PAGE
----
Measurement of suPAR and Serum Creatinine

Fasting venous blood samples for suPAR were collected on admission before the angiology procedure and stored at −80°C. Serum concentrations of suPAR were measured through a commercially enzyme-linked immunosorbent assay (ELISA) kit (suPARnostic® Elisa kit; ViroGates, Copenhagen, Denmark) according to the manufacturer’s protocol. Preoperative and postoperative Scr levels were measured within one week after exposure of contrast agent.

Statistical Analysis

Data were analyzed through SPSS 19.0 statistical software, normally and non-normally distributed numerical data were presented as mean±standard deviation and median [25–75% interquartile range], respectively. In addition, independent sample t-test or Mann–Whitney U-test was performed for comparison of normally and non-normally distributed data. Classification data were expressed as frequencies and percentages, and compared using the χ2 and Fisher exact tests. Univariate and multivariate logistic regression analysis were utilized for identification of independent risk factor of CI-AKI.

The predictive value of suPAR for CI-AKI and the optimal cut-off value were evaluated by receiver operator characteristic (ROC) curve. P < 0.05 was considered a statistically significant difference.


Baseline Characteristics of CI-AKI and Non-CI-AKI Groups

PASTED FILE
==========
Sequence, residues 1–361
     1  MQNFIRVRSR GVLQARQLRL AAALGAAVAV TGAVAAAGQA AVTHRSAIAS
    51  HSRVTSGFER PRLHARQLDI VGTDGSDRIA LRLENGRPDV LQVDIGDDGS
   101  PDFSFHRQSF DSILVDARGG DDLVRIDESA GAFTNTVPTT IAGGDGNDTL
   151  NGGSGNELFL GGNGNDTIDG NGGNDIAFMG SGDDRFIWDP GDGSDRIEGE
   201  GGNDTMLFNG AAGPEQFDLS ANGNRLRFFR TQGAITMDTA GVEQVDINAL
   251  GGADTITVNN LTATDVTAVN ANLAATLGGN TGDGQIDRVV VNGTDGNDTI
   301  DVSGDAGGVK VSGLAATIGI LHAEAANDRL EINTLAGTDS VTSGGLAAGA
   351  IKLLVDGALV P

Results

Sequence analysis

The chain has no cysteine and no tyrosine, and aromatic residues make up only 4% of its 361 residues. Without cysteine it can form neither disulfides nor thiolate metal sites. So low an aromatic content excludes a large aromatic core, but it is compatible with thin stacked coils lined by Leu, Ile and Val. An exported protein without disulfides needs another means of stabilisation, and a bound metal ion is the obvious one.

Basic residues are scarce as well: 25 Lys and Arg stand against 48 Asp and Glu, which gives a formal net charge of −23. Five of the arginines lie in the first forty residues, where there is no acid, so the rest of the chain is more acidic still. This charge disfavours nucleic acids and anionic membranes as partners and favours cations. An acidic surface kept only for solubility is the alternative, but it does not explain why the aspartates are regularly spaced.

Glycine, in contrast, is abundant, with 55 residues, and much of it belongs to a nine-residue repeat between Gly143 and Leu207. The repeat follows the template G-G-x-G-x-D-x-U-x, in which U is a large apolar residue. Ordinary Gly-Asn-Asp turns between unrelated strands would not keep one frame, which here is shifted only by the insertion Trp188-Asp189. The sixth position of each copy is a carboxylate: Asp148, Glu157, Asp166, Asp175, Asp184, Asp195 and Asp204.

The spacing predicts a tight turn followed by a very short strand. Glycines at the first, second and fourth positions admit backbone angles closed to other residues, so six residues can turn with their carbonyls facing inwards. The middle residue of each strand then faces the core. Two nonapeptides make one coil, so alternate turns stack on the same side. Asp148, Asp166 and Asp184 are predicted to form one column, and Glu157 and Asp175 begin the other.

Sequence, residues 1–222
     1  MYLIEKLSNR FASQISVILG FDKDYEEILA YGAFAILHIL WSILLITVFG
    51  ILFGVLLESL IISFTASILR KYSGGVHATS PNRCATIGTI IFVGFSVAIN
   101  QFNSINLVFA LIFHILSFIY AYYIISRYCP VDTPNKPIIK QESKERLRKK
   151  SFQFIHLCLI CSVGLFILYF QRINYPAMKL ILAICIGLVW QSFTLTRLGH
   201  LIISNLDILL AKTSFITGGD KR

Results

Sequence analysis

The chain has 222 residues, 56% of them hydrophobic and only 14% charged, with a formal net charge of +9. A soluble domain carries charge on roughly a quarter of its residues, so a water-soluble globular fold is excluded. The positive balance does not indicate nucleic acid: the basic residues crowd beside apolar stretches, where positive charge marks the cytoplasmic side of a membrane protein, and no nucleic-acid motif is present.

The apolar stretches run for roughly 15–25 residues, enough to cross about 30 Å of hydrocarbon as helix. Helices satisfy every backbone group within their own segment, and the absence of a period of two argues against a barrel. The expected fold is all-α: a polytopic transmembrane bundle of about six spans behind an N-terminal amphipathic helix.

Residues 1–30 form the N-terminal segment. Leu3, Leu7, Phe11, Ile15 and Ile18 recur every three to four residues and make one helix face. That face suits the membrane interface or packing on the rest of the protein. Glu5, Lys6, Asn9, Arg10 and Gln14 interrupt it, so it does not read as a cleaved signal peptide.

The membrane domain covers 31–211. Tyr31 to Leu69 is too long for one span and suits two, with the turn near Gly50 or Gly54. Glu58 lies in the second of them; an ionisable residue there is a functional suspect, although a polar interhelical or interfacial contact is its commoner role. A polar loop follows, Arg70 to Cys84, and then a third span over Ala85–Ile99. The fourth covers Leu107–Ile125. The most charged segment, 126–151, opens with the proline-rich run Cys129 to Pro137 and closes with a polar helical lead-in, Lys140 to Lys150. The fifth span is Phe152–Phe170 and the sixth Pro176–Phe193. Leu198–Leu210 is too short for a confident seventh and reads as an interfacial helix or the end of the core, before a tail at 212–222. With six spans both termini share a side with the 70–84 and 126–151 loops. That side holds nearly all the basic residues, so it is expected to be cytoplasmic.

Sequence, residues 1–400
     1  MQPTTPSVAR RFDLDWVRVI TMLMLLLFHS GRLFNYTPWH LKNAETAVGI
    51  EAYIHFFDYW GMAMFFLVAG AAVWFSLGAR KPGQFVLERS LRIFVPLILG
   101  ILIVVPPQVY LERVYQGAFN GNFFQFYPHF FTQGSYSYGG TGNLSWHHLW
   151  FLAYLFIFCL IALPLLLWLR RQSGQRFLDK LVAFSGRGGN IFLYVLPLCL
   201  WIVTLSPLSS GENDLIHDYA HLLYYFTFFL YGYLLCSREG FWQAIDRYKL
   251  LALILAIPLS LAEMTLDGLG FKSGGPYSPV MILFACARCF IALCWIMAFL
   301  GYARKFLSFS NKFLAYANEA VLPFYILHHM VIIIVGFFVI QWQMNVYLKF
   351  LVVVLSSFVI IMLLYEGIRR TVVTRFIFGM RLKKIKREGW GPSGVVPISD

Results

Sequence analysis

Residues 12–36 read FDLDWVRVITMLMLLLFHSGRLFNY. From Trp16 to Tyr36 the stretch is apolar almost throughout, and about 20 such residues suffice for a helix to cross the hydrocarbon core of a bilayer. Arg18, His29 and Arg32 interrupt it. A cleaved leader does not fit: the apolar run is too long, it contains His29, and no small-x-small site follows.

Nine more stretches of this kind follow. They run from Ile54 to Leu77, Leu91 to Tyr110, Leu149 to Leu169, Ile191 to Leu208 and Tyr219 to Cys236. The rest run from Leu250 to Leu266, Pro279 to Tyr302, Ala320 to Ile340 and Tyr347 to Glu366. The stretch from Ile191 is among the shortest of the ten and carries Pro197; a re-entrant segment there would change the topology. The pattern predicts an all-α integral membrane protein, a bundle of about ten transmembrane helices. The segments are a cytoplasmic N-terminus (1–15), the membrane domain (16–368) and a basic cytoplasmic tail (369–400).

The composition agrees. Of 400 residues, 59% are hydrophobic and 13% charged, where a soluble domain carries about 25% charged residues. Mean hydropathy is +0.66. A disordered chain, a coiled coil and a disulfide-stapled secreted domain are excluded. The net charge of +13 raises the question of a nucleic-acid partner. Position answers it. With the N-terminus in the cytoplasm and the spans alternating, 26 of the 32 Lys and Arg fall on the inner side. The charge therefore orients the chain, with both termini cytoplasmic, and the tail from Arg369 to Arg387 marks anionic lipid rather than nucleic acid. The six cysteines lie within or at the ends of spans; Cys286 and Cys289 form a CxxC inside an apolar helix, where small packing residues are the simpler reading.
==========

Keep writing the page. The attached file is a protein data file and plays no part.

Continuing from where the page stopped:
Three hundred and ninety-nine patients who underwent PCI were enrolled consecutively. The research population included 258 male and 141 female patients with an average age of 65±13. CI-AKI was observed in 65 patients (16.3%). The baseline characteristics of included population are summarized in Table 1. Patients who developed CI-AKI are older, had higher incidence of diabetes, higher CKD, higher triple-vessel disease, higher volume of contrast media, higher baseline serum creatinine, lower hydration rates, lower eGFR level, lower left ventricular ejection fraction (LVEF) compared with those who do not developed CI-AKI (p < 0.05). Interestingly, suPAR level was significantly higher in subjects suffered CI-AKI compared with non-CI-AKI population (p < 0.001). No significantly statistical differences were found in other demographic data, hematological parameters, coronary angiography data and medications in patients with/without CI-AKI (p ≥ 0.05).